Dear Friends,

     I have been thinking very hard about the title question and its
implications, re: Goedel's constructions and Goedel numbering/coding. I
refer the the following papers:

1)
http://nl.ijs.si/~damjan/phen.html
2) http://www.math.princeton.edu/jfnj/texts_and_graphics/LOGIC/talk.CMU/Hil36.rtf

     We can find in psychology cases of Dysmorphia, such as
(
http://www.cosmeticsupport.com/info/bdd3.html ,
http://www.anred.com/musdys.html), where a distortion of the self-image
occurs. The fact that distortions themselves are possible seems, IMHO, to
require us to consider whether or not there is an assumption implicit in
discussions of Self-reference modeled in terms of Goedel's (and Church,
Turing, et al) treatment of the question of completeness and provability of
formal systems what should be examined more closely.
     For example, we have the following quotes:

from 1)

>     "Self-reference in formal arithmetic can be compared to a formal way of
> self-recognition in the mirror. The basis for
> this comparison is the role of the Gödel code in arithmetical
> self-reference. The comparison is developed in a series of diagrams which
> show the stages of construction of a self-referential sentence and relate
> them to the irreflexivity of vision and ways of overcoming it. The aim of
> the comparison is to turn arithmetical slf-reference into an idealized
> formal model of self-recognition and the conception(s) of self based on this
> capacity.
  ...

 >      The incompleteness of a formal system does not make it unsuitable for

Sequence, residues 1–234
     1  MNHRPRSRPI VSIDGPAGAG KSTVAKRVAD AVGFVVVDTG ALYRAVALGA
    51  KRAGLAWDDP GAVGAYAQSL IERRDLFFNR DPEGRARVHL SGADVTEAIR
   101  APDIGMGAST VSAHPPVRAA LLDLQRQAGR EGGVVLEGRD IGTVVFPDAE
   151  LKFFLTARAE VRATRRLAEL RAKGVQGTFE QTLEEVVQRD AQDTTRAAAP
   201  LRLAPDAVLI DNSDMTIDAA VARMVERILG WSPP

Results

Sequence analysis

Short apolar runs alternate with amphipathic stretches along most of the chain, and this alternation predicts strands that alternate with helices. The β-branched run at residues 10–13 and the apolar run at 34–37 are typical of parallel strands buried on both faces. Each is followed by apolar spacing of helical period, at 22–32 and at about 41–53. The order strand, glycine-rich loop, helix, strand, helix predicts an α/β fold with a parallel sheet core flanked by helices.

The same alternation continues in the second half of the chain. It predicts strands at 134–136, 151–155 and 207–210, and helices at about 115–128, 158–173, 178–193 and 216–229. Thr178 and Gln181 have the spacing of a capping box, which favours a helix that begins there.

> building models of the mind, but, on the contrary, as Hofstadter's
> comparison suggests, it is precisely its incompleteness which makes a formal
> system suitable for modeling the mind.
>     Furthermore, it can be said that a mirror-like device cannot be used to
> overcome incompleteness because it has already been used in producing it.
> Namely, the self-reference of a sentence on which arithmetical
> incompleteness depends is indirect, by way of a numerical code: the sentence
> refers to a certain number which belongs to that sentence itself under some
> system of numeric coding of sentences as numbers. This Gödel code functions
> as a numerical mirror in which a sentence can refer to itself, "see itself".
>     To re-use Hofstadter's comparison, just as I cannot see my face, in
> particular my eye(s), except in a mirror, so sentences of arithmetic cannot
> refer to, "see" themselves, except in a numerical mirror. More generally,
> this is how a sentence of arithmetic can refer to another formula: by
> refering to its numerical image, Gödel number."

from 2)

>  "An Hierarchy of Levels
>     So we evolved the idea that the formal system serving to extend a given
> basic system (or "ground level") could be
> structured by making use of special functions enabling references to levels.
> In effect, if we used references indicating a
> higher level then it would become permissible to "overview" the formulae and
> procedures of a lower level.
>      And the basic idea, at least at the beginning of the construction of an
> hierarchy of extension levels, is quite like Turing's  concept in that the
> first extension level, the first level above the ground level, incorporates
> the possibility to prove as a
> theorem the Goedel assertion for the logical system of the "ground level".
>      The first higher level, corresponding in our approach to any acceptable